[concurrency-interest] Concurrency-interest Digest, Vol 52, Issue 3

Brian Goetz brian at briangoetz.com
Wed May 6 22:53:09 EDT 2009


You're comparing two different measures here.  Allocating less is a 
performance boost -- you are doing less work in the straight-line case.  Short 
sync blocks, on the other hand, are a scalability boost -- they don't entail 
less work (for the most part), but you're enabling greater concurrency by 
holding the lock for less time, which could under the right conditions turn 
into higher throughput (google for "Little's Law") given enough contention 
that it is an impediment.



Cleber Muramoto wrote:
> I'd be interested in knowing how such "cheap" operations are profiled. 
> Does he mention it on the book?
> 
> There's also one interesting detail on the Exchanger implementation where
> a method local variable is created outside the synch block to be 
> (possibly) further assigned
> to the instance variable.
> 
> private void createSlot(int index) {
>         // Create slot outside of lock to narrow sync region
>         Slot newSlot = new Slot();
>         Slot[] a = arena;
>         synchronized (a) {
>             if (a[index] == null)
>                 a[index] = newSlot;
>         }
> }
> 
> How can one estimate the trade-offs of running into possibly unnecessary
> instantiations in favor of narrower synch blocks?
> 
> 
> 
> 
>     Message: 1
>     Date: Sun, 3 May 2009 08:24:48 -0400
>     From: Tim Peierls <tim at peierls.net <mailto:tim at peierls.net>>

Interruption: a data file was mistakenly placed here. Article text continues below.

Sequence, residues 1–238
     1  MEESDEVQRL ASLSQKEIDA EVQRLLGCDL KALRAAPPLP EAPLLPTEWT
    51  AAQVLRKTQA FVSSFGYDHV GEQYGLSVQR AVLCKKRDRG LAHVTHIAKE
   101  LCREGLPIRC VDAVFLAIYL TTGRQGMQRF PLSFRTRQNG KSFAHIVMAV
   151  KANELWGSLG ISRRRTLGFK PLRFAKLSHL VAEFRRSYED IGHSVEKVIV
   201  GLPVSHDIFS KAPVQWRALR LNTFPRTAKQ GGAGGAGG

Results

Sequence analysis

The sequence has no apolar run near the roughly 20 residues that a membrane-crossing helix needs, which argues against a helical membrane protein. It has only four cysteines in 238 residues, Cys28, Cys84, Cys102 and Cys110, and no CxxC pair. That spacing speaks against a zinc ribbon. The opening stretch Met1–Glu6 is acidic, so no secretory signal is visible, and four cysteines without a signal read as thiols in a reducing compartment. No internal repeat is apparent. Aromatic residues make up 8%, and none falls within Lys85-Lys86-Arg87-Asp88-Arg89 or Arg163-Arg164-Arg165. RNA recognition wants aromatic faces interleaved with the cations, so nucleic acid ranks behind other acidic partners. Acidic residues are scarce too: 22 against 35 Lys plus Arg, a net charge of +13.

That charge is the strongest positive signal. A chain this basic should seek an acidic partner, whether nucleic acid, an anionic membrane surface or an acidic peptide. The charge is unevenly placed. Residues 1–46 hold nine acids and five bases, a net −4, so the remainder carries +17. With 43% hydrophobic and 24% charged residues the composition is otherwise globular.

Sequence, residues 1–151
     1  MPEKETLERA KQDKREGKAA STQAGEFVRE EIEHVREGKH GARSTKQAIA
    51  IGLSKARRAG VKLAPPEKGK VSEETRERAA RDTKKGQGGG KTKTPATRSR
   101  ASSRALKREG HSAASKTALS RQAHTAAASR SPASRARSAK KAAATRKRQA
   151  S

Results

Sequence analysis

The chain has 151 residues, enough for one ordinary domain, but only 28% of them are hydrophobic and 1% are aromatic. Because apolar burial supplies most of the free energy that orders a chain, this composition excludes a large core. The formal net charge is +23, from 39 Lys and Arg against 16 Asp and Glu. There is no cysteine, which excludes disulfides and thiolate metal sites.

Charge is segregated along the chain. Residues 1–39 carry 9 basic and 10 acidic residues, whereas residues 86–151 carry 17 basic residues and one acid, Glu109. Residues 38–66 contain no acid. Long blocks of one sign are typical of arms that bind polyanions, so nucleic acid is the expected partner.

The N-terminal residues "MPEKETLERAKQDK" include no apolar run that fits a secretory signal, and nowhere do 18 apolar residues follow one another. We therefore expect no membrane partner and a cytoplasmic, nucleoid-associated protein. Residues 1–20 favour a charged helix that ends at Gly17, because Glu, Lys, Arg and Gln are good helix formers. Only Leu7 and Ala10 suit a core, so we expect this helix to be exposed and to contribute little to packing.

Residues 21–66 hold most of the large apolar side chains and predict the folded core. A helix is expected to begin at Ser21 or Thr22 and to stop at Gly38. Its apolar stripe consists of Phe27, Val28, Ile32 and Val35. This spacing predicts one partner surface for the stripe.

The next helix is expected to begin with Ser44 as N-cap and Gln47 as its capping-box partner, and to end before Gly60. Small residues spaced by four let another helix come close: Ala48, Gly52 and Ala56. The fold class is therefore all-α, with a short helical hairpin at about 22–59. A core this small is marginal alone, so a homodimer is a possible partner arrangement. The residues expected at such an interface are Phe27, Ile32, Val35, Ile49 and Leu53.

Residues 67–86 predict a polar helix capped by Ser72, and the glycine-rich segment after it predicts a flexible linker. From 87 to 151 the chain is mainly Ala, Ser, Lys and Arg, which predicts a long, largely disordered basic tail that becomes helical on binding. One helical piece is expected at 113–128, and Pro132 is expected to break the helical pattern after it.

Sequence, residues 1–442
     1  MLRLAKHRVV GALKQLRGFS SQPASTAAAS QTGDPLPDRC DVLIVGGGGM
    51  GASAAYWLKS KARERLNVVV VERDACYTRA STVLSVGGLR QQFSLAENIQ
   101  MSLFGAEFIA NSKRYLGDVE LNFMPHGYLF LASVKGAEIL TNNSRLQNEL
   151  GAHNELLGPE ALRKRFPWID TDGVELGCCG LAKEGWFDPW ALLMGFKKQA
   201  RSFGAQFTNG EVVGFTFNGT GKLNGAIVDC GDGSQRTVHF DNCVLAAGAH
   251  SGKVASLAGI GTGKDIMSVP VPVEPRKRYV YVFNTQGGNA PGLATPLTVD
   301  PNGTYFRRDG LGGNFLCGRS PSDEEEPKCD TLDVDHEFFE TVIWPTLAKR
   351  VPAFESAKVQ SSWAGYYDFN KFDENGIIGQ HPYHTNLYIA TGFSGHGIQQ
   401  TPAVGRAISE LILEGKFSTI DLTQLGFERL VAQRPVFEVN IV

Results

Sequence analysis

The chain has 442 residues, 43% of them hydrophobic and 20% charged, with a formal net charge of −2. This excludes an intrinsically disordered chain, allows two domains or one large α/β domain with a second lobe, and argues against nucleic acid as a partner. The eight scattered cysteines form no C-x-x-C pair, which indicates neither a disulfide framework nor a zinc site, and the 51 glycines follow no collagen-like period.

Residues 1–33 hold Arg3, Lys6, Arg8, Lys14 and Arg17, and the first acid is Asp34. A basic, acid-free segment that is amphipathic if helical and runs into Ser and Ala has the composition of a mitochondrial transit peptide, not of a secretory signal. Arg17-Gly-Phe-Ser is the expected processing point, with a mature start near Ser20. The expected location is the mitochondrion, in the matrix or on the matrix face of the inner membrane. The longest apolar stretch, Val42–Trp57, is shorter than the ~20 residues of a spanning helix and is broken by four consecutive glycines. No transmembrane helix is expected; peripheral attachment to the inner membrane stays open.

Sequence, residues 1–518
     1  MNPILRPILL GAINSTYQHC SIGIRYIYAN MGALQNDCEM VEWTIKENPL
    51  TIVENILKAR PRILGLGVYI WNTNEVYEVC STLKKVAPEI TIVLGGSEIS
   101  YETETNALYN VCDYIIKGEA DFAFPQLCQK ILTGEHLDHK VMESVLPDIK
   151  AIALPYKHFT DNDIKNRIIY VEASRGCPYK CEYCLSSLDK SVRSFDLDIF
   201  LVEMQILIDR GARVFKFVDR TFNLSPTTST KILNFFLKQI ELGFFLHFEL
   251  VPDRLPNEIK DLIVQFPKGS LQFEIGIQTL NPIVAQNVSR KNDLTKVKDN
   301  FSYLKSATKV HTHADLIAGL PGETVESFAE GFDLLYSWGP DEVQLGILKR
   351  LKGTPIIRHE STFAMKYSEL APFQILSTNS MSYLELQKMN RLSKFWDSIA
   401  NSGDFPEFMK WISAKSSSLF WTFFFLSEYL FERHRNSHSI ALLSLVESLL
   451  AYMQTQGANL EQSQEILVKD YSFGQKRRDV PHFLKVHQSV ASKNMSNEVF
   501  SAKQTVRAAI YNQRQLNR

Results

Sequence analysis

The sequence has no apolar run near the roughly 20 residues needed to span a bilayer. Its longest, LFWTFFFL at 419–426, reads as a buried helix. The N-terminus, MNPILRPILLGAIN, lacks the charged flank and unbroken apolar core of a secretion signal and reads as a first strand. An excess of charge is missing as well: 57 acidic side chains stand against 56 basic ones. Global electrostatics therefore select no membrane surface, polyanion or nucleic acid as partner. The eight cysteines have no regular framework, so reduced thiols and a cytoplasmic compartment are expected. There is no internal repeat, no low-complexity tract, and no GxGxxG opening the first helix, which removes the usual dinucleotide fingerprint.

>     Subject: Re: [concurrency-interest] Concurrency-interest Digest, Vol
>            52,     Issue   1
>     To: Bharath Ravi Kumar <reachbach at gmail.com
>     <mailto:reachbach at gmail.com>>
>     Cc: concurrency-interest at cs.oswego.edu
>     <mailto:concurrency-interest at cs.oswego.edu>
>     Message-ID:
>            <63b4e4050905030524y31ee259fn1b7fcd78718bd4 at mail.gmail.com
>     <mailto:63b4e4050905030524y31ee259fn1b7fcd78718bd4 at mail.gmail.com>>
>     Content-Type: text/plain; charset="iso-8859-1"
> 
>     Reads and writes of volatiles have memory effects under the JMM. The
>     idiom
>     described in EJ2e, Item 71 minimizes the number of volatile reads
>     and writes
>     through the use of a temporary variable. Josh Bloch says (in Item
>     71) that
>     on his machine this code was 25 percent faster than the obvious
>     version with
>     no temporary variable. Item 71 also has good advice about when the
>     use of
>     this idiom is appropriate.
> 
>     --tim
> 
> 
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